How and Where Does Metastatic Breast Cancer Spread?
Judi Ebbert, PhD, MPH, RN | Sept 28, 2017
What is metastatic breast cancer?
Metastatic breast cancer is breast cancer that has spread beyond the breast and lymph nodes, to other parts of the body. Metastatic breast cancer is also referred to as stage IV or advanced breast cancer. Most diagnoses are made early, before the cancer has spread to the lymph nodes and other parts of the body. But it’s important to keep in mind that an estimated three in four of the women living with metastatic breast cancer were initially diagnosed with stage I-III breast cancer.
How do breast cancers start?
The human body is made of countless cells that reproduce, by splitting, to replace or repair other cells. New cells usually work like their parent cells. Sometimes, however, a new cell has an error. Not all cells with errors are bad; some are harmless, or benign. Others, however, reproduce rapidly and harm healthy cells. The offensive cells are said to be malignant because they don’t function like healthy parent cells.
How do breast cancers spread?
Cancer cells break away from the primary tumor, entering the bloodstream or the lymphatic system. As large vessels narrow, cancer cells stop traveling and lodge themselves in a new area. Then they begin dividing and moving into surrounding tissue. The cancer cells take over the new area, crowding out healthy cells and forming a new tumor. Cancer cells are insidious because the new tumor can set up its own network of blood vessels to obtain nutrients for growth and further spread.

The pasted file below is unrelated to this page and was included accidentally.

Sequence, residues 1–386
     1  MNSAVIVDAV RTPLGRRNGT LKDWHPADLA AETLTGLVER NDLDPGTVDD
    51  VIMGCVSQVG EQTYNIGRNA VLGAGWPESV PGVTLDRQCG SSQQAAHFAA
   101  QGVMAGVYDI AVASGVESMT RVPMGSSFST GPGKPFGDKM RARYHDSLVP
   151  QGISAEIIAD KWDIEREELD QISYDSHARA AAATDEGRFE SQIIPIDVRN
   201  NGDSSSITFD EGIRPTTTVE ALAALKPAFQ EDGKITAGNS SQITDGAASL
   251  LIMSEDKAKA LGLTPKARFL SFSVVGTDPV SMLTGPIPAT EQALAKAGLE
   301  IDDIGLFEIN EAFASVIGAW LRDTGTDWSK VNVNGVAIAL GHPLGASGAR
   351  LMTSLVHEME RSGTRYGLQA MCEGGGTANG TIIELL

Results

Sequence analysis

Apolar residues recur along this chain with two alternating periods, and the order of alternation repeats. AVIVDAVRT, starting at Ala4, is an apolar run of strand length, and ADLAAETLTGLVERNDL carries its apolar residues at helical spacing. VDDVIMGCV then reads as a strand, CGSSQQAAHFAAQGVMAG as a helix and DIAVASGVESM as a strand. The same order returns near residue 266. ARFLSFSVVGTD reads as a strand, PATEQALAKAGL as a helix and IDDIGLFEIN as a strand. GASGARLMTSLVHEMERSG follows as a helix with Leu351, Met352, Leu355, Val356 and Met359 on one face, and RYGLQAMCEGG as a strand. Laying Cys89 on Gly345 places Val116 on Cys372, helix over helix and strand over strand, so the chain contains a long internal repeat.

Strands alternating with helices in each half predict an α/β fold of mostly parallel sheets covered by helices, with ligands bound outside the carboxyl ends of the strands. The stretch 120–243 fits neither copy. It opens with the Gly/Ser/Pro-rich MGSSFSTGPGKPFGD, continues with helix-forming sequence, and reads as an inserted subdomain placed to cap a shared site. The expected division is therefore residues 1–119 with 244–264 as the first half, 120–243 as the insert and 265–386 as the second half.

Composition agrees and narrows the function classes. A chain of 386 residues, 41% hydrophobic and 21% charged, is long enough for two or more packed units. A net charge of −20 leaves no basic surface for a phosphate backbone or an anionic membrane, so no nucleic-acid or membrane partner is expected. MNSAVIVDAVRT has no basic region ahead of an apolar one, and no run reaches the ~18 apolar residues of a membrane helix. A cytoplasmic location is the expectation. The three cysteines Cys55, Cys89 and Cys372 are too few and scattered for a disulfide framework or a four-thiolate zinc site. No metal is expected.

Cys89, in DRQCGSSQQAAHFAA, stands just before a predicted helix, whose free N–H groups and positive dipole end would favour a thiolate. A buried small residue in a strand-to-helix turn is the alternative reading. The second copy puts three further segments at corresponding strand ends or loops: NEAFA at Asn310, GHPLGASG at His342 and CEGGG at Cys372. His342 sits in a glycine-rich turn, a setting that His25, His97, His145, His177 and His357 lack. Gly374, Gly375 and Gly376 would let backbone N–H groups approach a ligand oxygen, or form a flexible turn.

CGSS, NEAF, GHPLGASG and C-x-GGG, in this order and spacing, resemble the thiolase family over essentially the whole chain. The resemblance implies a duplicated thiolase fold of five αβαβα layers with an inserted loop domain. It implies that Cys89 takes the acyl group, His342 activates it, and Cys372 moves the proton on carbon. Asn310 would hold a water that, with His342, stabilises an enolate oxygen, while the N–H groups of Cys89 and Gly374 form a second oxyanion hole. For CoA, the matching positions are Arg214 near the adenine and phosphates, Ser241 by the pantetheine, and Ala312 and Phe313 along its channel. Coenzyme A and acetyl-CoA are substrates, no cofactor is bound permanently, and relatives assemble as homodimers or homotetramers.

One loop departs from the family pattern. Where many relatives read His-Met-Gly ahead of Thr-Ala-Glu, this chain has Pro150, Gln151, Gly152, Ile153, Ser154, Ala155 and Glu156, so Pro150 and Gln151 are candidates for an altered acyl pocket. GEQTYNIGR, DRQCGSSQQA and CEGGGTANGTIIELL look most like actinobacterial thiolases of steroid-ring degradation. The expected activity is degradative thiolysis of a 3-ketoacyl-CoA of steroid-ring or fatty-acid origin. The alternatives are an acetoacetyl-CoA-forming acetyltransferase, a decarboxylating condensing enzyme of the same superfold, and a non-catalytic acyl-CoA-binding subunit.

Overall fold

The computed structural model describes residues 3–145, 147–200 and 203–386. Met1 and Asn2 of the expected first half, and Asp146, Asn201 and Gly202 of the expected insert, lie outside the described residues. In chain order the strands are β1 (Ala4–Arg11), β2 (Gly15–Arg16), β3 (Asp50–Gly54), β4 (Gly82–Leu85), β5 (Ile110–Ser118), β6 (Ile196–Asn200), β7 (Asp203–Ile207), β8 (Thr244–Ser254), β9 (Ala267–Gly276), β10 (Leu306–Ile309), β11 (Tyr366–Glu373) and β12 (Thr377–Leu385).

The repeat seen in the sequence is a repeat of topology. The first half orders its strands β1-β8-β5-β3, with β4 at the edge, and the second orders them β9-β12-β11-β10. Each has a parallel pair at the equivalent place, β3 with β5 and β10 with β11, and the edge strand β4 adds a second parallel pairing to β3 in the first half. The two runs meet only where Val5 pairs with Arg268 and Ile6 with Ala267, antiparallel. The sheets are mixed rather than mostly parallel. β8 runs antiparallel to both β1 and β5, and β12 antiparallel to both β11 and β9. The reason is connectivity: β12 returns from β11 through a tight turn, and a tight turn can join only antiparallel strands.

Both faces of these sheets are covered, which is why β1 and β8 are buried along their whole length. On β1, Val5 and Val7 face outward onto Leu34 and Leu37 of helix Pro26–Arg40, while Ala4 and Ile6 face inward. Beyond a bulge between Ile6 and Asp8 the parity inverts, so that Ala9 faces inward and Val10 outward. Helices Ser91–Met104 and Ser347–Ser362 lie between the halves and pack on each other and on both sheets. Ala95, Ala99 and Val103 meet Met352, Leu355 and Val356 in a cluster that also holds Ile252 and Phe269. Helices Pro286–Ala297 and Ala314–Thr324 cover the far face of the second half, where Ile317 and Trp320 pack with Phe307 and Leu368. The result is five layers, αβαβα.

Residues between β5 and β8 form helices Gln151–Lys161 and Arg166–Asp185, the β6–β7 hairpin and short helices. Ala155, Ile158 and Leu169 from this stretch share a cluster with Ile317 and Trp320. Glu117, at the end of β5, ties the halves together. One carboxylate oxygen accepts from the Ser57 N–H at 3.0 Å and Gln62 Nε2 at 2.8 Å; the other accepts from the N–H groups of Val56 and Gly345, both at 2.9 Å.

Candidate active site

Where does breast cancer usually spread?
Breast cancer can spread, or metastasize, to bones, the brain, the liver, and the lungs. Metastasis to each vital organ has a unique set of symptoms. Breast cancer that has spread to bones can cause pain and fractures. Spread to the brain, it can cause headache, dizziness, and seizures. Spread to the lungs, it can cause shortness of breath. Spread to the liver, it can cause jaundice or yellowing of the skin and swelling of the abdomen.
Can breast cancer recur at the same site?
Yes, it can recur locally or regionally. Symptoms of a local recurrence are a new lump, a firm area, pulling or swelling at the site, redness, change in the shape of the nipple, and thickening near the scar. Symptoms of regional recurrence, which includes the underarm lymph nodes and upper chest area on the same side as the initial cancer, are a lump, swelling, or numbness of the arm, pain, and problems swallowing. These symptoms warrant prompt reporting to your physician.
What happens when breast cancer spreads to bone?
Breast cancer that spreads to bones can destroy normal bone. Symptoms are pain, compromised mobility, fractures, spinal cord compression, and hypercalcemia, or too much calcium in blood. Hypercalcemia can be life threatening and may cause the following symptoms: headache and fatigue; excessive thirst and urination; nausea, vomiting, and constipation; abnormal heart rhythm; muscle cramping and weakness; pain and fractures; and memory loss, depression, and irritability.
Are there treatments for bone metastases?
Yes. Multiple interventions are available for comfort and improved quality of life. Treatment decisions are dictated by whether the spread is localized or widespread and whether the type of cancer is fueled by hormones such as estrogen. The oncologist also considers prior treatments and how the patient responded to each therapy. And of course the degree of severity of symptoms as well as the patient’s overall health are important in deciding which treatment option is best.